WOONSOCKET, R.I. -- CVS Corp. here moved into the top drug store spot with the acquisition of 1,260 Eckerd stores from JCPenney, Plano, Texas, this month. The remaining Eckerd stores were acquired by Jean Coutu Group, Longeuil, Quebec, which operates Brooks drug stores.
With such a major drug store transaction, other retailers -- notably supermarkets -- began watching for opportunities to pick up customers, sources told SN.
CVS also acquired three distribution centers and the Eckerd Health Services mail-order pharmacy business from JCPenney. The sale makes CVS the leading U.S. pharmacy retailer with over 5,000 locations in 36 states, and nearly doubles the size of its PharmaCare mail-order subsidiary.
Stores included in the deal are located primarily in Florida and Texas, as well as in Louisiana, Oklahoma, Mississippi, Arizona, Missouri, Kansas and Alabama. Jean Coutu, which operates 330 Brooks drug stores in the Northeastern United States, as well as the third-largest drug chain in Canada, greatly increased its size by acquiring the remaining 1,540 Eckerd stores in the Northeast and mid-Atlantic regions.
As the transactions moved forward, supermarket executives' radar went up for the possibility of gaining business as a result of the changes, said retailers and industry observers. The precise impact on supermarkets remains to be seen because it depends on such factors as store closures, banner changes, and consumer perception of the new owners.
"If the name on the outside of the pharmacy changes, there will be some people who will decide to look for another pharmacy," said a pharmacy executive with a mid-Atlantic chain who requested anonymity. "Perhaps a bad experience at one of these companies' other stores may have soured a person on shopping at that store. It's amazing to me what some people will change stores over."
There is opportunity for supermarkets in the Eckerd sale, said Jon Hauptman, vice president, Willard Bishop Consulting, Barrington, Ill. Relationships with pharmacists, insurance concerns and other factors tie consumer loyalty to pharmacies, even though switching is not very difficult. The process overwhelms many consumers unless something triggers a second look at that relationship, he said.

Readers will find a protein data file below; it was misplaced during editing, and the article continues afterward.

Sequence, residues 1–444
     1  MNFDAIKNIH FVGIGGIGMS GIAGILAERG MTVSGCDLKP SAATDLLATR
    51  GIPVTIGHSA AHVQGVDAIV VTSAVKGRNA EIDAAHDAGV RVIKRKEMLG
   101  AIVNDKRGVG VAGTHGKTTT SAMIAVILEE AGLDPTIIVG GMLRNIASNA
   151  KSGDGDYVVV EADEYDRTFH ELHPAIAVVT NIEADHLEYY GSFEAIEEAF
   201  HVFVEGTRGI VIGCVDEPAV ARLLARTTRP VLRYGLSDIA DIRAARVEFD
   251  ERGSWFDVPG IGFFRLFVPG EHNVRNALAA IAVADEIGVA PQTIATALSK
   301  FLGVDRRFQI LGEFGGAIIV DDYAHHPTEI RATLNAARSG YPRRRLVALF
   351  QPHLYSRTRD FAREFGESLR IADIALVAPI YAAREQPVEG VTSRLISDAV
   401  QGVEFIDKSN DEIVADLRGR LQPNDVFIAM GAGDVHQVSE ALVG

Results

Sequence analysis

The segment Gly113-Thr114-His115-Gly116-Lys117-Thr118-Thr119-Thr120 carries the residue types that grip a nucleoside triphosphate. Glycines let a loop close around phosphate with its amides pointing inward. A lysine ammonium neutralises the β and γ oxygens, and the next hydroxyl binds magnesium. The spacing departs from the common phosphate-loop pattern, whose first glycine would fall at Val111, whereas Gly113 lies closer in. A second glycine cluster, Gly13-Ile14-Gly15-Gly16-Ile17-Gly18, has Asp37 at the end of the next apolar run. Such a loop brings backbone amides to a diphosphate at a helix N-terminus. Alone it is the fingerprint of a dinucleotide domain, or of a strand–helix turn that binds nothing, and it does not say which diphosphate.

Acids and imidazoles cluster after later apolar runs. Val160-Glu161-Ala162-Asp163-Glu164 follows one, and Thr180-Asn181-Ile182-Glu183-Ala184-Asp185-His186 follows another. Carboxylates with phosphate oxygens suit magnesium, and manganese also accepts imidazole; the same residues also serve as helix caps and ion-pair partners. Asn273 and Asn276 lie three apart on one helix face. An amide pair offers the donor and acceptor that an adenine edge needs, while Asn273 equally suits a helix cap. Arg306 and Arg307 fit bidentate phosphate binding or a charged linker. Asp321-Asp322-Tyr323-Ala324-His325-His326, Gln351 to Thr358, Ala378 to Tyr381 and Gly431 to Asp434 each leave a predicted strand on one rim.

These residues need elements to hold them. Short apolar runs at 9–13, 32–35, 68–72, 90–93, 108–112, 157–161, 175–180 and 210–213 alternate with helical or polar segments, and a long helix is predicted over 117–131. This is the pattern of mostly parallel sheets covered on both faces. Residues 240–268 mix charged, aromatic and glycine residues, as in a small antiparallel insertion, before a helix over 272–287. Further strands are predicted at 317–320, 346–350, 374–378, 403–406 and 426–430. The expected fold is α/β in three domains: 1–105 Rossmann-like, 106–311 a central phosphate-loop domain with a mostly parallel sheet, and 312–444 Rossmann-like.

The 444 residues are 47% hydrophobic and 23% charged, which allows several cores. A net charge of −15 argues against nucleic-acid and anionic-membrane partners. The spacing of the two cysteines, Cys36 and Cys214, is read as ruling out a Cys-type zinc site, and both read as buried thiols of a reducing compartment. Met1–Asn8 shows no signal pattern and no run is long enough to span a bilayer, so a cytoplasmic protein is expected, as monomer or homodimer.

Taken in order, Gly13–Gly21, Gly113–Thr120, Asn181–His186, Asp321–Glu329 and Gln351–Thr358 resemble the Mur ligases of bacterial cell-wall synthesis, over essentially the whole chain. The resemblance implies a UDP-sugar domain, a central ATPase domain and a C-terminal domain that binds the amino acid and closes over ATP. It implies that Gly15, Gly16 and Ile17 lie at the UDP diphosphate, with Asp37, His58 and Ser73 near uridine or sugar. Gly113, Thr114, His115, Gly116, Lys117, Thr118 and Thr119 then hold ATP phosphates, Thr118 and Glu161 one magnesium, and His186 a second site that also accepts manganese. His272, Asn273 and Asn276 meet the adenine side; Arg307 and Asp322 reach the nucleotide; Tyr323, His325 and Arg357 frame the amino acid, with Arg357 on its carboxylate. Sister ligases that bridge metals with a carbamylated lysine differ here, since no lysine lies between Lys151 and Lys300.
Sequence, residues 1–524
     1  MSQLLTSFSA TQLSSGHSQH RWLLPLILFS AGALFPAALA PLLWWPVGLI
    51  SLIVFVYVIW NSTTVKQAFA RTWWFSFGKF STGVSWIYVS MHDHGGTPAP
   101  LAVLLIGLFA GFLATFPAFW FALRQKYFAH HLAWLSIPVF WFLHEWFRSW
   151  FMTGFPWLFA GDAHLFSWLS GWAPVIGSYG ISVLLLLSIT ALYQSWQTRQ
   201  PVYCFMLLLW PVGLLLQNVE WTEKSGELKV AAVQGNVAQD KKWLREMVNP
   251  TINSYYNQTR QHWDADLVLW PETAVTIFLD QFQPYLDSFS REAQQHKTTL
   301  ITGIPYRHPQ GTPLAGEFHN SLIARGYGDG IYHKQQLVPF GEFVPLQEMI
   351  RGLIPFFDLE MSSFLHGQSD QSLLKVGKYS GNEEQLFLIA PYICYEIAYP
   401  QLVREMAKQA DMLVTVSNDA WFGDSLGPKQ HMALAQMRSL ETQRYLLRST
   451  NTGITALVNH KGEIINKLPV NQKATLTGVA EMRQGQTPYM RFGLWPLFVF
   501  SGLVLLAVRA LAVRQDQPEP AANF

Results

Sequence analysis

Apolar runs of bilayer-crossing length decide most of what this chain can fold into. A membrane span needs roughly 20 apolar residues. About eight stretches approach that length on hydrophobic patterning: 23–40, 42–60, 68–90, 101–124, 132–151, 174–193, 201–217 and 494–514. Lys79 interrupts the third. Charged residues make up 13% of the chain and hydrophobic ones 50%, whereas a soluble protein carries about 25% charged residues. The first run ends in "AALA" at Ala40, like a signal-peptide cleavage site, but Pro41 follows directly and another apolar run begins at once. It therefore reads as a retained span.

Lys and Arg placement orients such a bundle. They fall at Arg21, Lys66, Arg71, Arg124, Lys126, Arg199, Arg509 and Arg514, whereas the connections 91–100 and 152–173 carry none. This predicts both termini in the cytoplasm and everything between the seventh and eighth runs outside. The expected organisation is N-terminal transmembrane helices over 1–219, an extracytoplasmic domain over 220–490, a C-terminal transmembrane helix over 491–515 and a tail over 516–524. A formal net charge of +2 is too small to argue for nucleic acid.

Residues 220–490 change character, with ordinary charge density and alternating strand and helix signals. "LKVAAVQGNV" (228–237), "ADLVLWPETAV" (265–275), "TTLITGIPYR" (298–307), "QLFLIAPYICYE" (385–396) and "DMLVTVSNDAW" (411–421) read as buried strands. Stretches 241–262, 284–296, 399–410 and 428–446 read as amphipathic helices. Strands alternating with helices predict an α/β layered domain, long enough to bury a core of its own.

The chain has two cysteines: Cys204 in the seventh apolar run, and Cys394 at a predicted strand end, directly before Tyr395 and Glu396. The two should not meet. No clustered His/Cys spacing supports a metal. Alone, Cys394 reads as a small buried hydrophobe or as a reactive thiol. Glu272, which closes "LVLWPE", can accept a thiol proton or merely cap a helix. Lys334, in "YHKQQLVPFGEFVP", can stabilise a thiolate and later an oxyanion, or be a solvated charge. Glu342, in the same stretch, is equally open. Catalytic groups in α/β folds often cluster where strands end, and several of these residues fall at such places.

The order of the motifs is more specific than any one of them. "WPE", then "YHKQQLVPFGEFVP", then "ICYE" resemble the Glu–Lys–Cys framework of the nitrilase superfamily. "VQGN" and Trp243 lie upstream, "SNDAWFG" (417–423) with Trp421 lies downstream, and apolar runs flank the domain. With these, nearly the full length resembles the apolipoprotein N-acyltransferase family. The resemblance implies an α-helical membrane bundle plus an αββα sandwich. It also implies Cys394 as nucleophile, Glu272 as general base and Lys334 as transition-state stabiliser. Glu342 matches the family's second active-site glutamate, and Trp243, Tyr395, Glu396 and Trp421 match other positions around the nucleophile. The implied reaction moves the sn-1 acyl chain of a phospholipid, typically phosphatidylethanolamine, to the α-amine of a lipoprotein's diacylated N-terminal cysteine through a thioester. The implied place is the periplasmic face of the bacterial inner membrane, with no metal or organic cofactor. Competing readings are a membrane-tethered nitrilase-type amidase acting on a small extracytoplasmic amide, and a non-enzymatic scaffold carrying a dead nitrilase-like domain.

"When a pharmacy switches ownership, that gives many consumers time to look into other alternatives with which they might be more familiar. Supermarkets would be at the top of that list," Hauptman said.
Retailers are waiting to see what strategies are put in place that might eventually change the retail landscape, but they said they are poised to take advantage of openings that may occur.
"The impact is going to depend on where the overlap is between Eckerd and CVS. Wherever they close one of their stores, there's an opportunity for us," said a pharmacy executive in the Washington, D.C., market who wished to remain anonymous. Asked if CVS would be a stronger competitor than Eckerd, which many observers said has underperformed recently, the executive said, "No, and that's a strong no." He declined to elaborate.
Some retailers said the sale will raise the same issues as any change in the competitive landscape.
"I think it is going to be a non-event for us," said John Fegan, senior vice president, pharmacy, Ahold USA, Quincy, Mass. "Although should we pick up any inkling that people are a little bit concerned about what is going on in their stores, we are prepared to remind them that we are here."
The sale will add to the competitive intensity in the retail marketplace, said Roy White, vice president, education, General Merchandise Distributors Council Education Foundation, New York. The strategic vision that Brooks and CVS apply to the stores they have acquired will be crucial in refocusing the Eckerd units, White added.